We at TNW have spent quite a lot of time attending and covering hackathons around the globe. We’ve seen a ton of great results, ate plenty of free burritos and have even jumped in ourselves a few times to build things. But if there’s one thing we’ve seen more than anything else, it’s that these events tend to be horribly unbalanced in terms of gender diversity.
As you’ve likely seen, heard, read and read some more, this is a pretty heated topic amongst the entire tech industry. Right now, engineers and developers are dominantly male, but making the whole scene more approachable is one of the best ways to start shifting the balance. This is exactly what Judy He, Eugenia Koo, Kara Silverman and Lauren Gilchrist are doing with Hack’n Jill, a hackathon with 50 men and 50 women happening June 16th in NYC.
So. Much. Tech.
Some of the biggest names in tech are coming to TNW Conference in Amsterdam this May.
The event is all about letting everyone know that “women are passionate and talented technologists,” but the creators “also know that diverse teams with both Jacks and Jills create the best products. That’s why Hackn’Jill will be a fun, inclusive event that will strengthen our community and promote innovation.” To learn more, we talked with co-creator Kara Silverman:
HW: Most hackathons don’t restrict the number of attendees so clearly. How did you decide on 100?
KS: We believe that 100 attendees is a good size event but not so large where attendees lack a sense of community. It was also a play on our focus of having a relatively even split of 50% men and 50% women involved.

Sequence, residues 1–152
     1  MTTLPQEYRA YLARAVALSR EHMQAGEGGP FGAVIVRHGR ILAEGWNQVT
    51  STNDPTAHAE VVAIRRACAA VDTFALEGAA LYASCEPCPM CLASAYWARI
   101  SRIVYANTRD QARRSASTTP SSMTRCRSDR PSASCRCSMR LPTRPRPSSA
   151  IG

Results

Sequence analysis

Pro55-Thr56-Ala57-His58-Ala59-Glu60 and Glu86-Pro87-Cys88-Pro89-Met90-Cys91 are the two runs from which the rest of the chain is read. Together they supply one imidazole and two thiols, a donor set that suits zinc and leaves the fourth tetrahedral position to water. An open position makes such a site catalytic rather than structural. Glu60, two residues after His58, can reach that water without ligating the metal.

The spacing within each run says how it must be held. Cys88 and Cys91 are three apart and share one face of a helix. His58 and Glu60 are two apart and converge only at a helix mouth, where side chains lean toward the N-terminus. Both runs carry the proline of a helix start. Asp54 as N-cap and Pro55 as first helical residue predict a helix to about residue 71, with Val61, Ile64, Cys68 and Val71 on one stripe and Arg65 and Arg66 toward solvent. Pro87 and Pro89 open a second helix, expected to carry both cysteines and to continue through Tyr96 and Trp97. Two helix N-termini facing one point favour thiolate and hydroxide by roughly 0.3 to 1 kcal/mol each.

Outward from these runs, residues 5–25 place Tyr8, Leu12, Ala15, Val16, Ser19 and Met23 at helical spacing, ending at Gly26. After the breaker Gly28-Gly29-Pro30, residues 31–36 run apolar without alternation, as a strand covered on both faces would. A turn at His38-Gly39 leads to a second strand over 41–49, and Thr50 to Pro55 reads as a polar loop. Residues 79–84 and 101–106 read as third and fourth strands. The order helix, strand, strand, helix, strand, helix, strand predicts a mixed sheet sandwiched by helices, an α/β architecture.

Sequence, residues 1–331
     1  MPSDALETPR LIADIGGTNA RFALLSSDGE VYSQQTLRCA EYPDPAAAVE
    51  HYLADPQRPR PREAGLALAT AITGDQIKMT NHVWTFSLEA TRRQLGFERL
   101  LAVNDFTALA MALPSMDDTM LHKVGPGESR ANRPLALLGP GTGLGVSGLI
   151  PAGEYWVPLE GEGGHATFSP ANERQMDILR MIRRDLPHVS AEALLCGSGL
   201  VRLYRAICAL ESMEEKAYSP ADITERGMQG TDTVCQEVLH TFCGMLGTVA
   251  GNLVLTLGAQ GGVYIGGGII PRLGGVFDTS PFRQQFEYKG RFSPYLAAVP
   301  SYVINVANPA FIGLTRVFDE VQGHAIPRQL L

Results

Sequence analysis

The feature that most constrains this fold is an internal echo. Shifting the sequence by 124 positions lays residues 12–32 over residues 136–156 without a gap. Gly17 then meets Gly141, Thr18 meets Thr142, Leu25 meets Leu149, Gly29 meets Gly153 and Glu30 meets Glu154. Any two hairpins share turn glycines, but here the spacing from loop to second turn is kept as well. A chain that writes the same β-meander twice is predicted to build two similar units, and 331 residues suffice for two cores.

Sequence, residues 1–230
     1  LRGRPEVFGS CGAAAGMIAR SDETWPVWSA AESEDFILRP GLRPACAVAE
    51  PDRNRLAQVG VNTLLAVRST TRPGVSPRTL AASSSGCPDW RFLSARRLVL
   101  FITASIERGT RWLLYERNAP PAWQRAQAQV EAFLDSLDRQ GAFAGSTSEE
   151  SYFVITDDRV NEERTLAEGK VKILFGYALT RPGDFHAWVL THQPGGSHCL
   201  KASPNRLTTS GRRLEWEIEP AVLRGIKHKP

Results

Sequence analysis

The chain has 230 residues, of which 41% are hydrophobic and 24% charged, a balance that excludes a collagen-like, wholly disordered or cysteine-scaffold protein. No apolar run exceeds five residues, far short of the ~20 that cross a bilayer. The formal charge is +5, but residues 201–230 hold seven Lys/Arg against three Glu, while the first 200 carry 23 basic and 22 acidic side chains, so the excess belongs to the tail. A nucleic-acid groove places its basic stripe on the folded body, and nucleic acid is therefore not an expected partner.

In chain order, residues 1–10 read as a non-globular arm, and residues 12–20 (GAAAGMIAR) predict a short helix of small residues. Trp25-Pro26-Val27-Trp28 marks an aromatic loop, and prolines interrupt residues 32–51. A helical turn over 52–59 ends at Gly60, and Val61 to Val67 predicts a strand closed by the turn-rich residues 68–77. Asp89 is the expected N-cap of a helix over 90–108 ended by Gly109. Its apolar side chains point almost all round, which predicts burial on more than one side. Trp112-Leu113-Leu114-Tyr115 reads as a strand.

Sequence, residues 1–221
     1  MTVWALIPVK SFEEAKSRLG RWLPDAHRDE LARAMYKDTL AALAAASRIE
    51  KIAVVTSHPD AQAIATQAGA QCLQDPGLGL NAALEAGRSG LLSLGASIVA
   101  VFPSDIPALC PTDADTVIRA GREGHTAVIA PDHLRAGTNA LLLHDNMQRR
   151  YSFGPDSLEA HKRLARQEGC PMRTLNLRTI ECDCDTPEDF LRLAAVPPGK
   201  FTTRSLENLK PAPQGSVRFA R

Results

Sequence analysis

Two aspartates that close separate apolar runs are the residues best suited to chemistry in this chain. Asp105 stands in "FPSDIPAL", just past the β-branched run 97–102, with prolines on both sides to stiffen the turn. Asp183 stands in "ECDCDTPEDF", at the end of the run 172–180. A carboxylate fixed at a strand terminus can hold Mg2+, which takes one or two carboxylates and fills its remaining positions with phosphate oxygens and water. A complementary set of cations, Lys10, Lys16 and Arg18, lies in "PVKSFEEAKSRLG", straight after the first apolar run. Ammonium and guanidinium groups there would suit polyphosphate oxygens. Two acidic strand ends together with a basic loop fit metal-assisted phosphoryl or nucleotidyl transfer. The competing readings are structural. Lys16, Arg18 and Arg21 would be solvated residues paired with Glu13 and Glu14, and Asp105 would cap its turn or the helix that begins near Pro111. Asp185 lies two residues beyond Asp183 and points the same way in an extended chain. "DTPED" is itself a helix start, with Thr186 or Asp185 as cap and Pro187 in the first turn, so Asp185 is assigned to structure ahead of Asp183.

Hackn’Jill is now just under 1 month away and we will easily exceed that milestone and hope to open up more spots. We even recently had a ‘Jack’ try and sneak in through a ‘Jill’ rsvp slot!
HW: Why artificially balance the number of men and women?
KS: For women interested in tech, every time they look around the room, it’s always mostly men. Intentionally or not, this sends a certain message that has a negative impact on women entering or staying in the field. By having an event where the numbers are more equal, we hope to show how the industry could be and to inspire and encourage men and women to work together.
Also the fact that we have to resort to artificiality or forcefully creating a balance in the first place is part of why we are doing it.
HW: With more gender diversity, do you expect to see different results than we’d normally see at a NYC hackathon?
KS: Every hackathon is unique – it is difficult to describe too many commonalities among them aside from the gender ratio. I think the quality will be at the same level of other one day hackathons with a general theme. I also think the types of products that we hope people will work on, social/fun apps, will benefit greatly from having both gender perspectives involved in their development.
HW: Is the gender gap in tech widening or shrinking?
KS: The gender gap has been improving. Although enhanced media attention on female tech founders, hackers, and investors has helped bring to light their tangible achievements, the skewed demographics are still very present. Hack’n Jill seeks to champion and highlight individuals who make a difference in their communities every day.